Increasing Plantation Biomass Availability

Tests are needed to identify appropriate genotypes for local conditions and to evaluate alternative species for biomass production.

Research question

Woody-biomass plantations have the potential to greatly reduce the amount of land needed to produce a given amount of biomass and reduce feedstock transportation costs.  Identifying optimally adapted species and genotypes and determining the expected yields, costs and benefits of cultivating these species are necessary before establishing operational plantations.

Optimizing biomass yield per acre per unit of time is the most effective way of insuring sustainable, long-term resource availability at a competitive price. Tests are needed to identify appropriate genotypes for local conditions and to evaluate alternative species. Forest genetics and woody plant breeding have consistently shown that major increases in productivity, 50-100% depending on the species and its genetic variability, can be obtained quickly through conventional breeding. However, selection has always been based on producing optimal single tree growth for timber, rather than optimizing per acre yields of biomass.  It is also critical that tests be performed in the environment where actual production will occur, and little genetic testing has been done in the eastern Upper Peninsula. Hybrid poplars are frequently assumed to be best, but these trees have very low wood density, and thus energy density per unit volume.  Evaluation of these species, and fast growing, locally adapted alternatives, such as silver maple and balsam poplar, is needed to provide the raw material for this new industry in upper Michigan.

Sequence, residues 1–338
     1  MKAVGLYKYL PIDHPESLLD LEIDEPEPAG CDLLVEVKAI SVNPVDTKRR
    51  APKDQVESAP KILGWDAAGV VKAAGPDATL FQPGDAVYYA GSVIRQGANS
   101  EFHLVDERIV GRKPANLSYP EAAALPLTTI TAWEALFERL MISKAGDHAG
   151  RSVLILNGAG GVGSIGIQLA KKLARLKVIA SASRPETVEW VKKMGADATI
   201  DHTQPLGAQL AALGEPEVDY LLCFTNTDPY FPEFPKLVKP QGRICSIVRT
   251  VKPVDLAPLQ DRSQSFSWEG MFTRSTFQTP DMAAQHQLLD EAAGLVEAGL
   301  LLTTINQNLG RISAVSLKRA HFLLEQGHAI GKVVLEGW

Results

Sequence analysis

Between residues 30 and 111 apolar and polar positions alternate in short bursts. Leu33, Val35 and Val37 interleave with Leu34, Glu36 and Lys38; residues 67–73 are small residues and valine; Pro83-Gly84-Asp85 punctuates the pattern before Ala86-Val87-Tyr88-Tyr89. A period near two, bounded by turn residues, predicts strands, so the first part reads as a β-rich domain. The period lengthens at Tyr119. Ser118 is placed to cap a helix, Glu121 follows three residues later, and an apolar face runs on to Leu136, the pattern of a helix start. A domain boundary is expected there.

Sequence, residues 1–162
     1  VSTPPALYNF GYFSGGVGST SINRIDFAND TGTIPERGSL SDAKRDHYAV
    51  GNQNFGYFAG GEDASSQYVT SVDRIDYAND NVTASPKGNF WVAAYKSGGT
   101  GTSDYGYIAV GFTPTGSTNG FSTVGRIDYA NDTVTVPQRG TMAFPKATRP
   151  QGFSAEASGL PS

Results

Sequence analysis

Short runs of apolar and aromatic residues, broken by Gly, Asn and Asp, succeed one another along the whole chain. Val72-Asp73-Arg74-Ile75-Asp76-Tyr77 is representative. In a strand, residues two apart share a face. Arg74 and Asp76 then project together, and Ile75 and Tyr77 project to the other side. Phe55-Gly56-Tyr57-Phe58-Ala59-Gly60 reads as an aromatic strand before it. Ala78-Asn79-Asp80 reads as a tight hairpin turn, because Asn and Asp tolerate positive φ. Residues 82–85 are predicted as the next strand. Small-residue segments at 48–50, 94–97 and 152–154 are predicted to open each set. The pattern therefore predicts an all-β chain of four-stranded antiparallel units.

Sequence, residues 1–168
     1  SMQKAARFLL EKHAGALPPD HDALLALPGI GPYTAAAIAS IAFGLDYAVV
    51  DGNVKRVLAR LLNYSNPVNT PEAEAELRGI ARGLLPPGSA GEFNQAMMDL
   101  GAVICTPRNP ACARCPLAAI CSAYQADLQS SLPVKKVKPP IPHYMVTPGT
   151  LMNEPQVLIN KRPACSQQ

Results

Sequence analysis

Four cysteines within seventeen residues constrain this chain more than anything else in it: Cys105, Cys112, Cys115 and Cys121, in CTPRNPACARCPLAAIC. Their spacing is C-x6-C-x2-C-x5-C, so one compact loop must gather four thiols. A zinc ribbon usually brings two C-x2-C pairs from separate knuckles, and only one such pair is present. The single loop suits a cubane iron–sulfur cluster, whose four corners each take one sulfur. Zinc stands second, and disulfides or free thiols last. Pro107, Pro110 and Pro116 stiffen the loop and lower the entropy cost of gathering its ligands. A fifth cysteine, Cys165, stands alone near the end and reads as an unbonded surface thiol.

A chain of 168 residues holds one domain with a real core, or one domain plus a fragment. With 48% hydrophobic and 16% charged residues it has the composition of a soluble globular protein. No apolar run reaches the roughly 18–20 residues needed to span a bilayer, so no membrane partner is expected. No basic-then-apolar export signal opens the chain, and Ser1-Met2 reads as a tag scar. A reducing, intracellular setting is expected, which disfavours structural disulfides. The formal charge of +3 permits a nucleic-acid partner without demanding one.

Tests of hybrid poplar clones are being conducted on large, 0.1 acre test plots. These trials are occurring in a total of five locations in northern Michigan; near Escanaba, Ontonagon, Brimley, Lake City and Onaway. Trials were established at varying times between 2008 and 2010; measurements of survival and growth are being conducted periodically during the first two years of each plantation trial.

In addition to these poplar trials, tests are being established for silver maple (Acer saccharinum).Current growth rate tests show this to be a promising species, especially when wood density is considered relative to poplar, but those tests contain very few sources from the eastern and northern portions of silver maple’s range.  Silver maple seed has been collected from the northeastern US and Ontario, and germinated in a nursery; the seedlings will be planted in test plots during the spring of 2011.

These tests will enable the evaluation of the long term contributions to sustainable energy production that can be made by these promising species. 


Progress and Results

See a report with the progess-to-date below. Data is still being collected from field tests.

Final Project Report:

Increasing Sustainable Biomass Feedstock Availability - Plantations